Women over the age of 50 can feel invisible — despite having life experience, political clout, and professional networks Gen Xers might envy. Bay Area writer and community advocate Sophia Raday wants to change that. In the spring of 2020, she launched a monthly email newsletter called SheFlexx to galvanize older women to flex their power.
After she returned to work following a decades-long career as a freelance writer, Raday, 56, suddenly found herself talked over or ignored. She was stunned. At around the same time, the Albany resident was spending more time with her mother who was in her 80s.
“My mom was a pioneering doctor and pharmaceutical executive — sort of RBG-ish actually,” Raday recalled. “But as she got older, she often did not get the respect she deserved. If we went on errands together, and she would talk with someone, people began to look at me instead of her as they responded. We both found it infuriating.”
Raday’s mother subsequently got cancer and died in early 2019.
“After that, I felt something shift in me. I got a sense of how deeply women midlife and beyond are the glue of the world,” said Raday. “We take care of children and elders. We share our deep wisdom and experience in a way that’s desperately needed right now. We’re beautiful and adventurous and creative and just overall amazing. And we don’t get enough credit.”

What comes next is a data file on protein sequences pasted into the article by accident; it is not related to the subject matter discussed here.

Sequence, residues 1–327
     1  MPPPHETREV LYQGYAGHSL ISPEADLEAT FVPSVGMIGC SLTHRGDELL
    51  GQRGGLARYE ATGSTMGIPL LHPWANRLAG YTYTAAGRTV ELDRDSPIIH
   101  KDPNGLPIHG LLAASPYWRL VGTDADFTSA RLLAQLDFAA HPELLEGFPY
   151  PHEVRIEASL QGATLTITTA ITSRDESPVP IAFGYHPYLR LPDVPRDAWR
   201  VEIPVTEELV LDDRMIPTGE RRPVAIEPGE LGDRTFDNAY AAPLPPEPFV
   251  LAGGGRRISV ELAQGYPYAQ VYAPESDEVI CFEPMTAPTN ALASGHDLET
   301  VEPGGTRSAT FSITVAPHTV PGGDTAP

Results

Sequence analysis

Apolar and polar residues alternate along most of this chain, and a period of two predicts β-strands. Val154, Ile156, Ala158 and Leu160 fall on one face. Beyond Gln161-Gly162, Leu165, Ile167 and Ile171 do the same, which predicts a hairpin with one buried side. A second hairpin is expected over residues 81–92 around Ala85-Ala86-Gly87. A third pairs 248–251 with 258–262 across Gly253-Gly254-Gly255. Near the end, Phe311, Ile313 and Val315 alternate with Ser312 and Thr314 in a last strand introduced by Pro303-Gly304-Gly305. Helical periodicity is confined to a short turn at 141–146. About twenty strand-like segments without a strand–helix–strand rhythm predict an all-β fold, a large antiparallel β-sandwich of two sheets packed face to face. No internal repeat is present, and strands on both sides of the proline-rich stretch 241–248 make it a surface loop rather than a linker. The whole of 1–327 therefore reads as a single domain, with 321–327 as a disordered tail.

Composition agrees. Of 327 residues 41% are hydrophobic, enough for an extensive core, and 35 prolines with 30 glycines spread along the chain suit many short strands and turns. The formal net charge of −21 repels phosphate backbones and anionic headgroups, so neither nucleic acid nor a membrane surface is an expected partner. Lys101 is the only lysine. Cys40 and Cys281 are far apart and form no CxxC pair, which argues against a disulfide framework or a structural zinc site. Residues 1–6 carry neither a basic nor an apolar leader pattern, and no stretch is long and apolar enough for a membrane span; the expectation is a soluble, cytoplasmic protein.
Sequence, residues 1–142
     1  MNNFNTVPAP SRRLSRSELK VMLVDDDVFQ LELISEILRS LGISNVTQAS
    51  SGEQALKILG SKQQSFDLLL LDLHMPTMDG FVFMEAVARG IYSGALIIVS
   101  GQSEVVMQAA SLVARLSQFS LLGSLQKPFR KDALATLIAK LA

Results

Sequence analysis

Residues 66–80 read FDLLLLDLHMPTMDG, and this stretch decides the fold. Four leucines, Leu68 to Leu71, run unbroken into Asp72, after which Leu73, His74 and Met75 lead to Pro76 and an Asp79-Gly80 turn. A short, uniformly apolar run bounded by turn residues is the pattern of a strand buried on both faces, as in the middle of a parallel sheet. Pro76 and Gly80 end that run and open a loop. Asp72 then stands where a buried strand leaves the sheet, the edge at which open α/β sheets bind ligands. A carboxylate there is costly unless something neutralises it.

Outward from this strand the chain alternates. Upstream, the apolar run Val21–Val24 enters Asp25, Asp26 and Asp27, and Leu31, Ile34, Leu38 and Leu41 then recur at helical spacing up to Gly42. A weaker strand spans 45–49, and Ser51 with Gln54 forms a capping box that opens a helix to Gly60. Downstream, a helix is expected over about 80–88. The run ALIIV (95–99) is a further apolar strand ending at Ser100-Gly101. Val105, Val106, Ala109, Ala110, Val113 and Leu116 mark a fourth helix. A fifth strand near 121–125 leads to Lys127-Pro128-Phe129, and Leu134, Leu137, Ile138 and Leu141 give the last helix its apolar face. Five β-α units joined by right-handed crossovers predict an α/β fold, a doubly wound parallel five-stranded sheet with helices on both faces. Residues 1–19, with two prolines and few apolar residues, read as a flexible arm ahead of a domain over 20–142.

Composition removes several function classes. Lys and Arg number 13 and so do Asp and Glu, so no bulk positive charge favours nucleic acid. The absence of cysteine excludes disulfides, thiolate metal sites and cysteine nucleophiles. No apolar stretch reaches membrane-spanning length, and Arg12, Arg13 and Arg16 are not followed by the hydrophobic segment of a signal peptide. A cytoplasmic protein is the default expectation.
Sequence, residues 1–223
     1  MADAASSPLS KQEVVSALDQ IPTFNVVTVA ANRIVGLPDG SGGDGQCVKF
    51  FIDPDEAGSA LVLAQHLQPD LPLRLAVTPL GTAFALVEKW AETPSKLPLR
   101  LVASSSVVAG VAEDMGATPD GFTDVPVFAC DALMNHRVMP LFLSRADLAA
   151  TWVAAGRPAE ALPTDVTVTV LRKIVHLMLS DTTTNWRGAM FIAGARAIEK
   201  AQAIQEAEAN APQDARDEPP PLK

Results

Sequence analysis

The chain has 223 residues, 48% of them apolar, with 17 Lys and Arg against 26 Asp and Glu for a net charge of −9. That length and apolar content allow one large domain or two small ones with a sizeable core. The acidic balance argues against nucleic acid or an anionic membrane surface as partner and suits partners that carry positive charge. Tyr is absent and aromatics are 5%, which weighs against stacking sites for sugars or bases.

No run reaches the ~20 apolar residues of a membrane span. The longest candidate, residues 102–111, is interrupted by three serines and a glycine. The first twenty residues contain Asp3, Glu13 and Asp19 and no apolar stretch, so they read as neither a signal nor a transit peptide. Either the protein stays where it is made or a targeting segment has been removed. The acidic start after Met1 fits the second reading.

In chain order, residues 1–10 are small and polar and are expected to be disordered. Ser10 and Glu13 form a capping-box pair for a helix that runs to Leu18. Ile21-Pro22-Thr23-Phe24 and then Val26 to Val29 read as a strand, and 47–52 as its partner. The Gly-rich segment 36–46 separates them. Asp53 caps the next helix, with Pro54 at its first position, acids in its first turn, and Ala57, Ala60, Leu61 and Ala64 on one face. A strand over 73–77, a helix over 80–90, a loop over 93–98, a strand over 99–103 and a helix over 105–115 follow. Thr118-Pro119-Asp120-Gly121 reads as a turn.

Every fifth adult in the U.S. is a woman over 50; they control a net worth of more than $19 trillion, exercising buying power that makes them the most powerful economic and political demographic in the U.S. To help harness this clout, SheFlexx provides cogent analysis of current trends and a curated collection of links to inspiring articles by or about older women.
In the August newsletter, for instance, Raday presents the history of how Native American and Black women helped lead the suffragist movement. She also introduces readers to a ProPublica compendium of articles about vice presidential candidate Kamala Harris, with links to an in-depth profile and a podcast — all things most of us would not find on our own.
Comments one subscriber, “Your newsletters are so meaty! I love that you link to pieces I haven’t read or sources I haven’t discovered yet.”
Writer Caroline Paul, a former firefighter and an inveterate adventurer (her books include “You Are Mighty: A Guide to Changing the World” and “The Gutsy Girl: Escapades for Your Life of Epic Adventure”) is a SheFlexx advisory board member and has known Raday for two decades.
“She’s my spirit sister,” Paul said. “Sophia’s analysis and the links she provides in SheFlexx show me new things and allow me to go deeper — that’s just how her brain works.”
In her youth, Raday was a peace activist who fled from cops during demonstrations but ended up dating and marrying an Oakland police officer who was a West Point graduate and a major in the Army Reserve. After the 9/11 attacks when her husband was called to active duty and ultimately stationed in Iraq, she became a military wife. The couple wrestled with differing viewpoints on a very personal level. She tells this story in her book “Love in Condition Yellow: A Memoir of an Unlikely Marriage.”
A founding editor of Literarymama.com, Raday’s writing has appeared in The New York Times, Slate, the San Francisco Chronicle and other outlets. She consults for Stanford University and the University of California, Berkeley, and was a former employee of the Nonprofit Finance Fund. She currently serves on the board of directors of the Writers Grotto, a community of narrative artists.
“We live in interesting but scary times,” she said. “The crises we face are opportunities to create transformation.”
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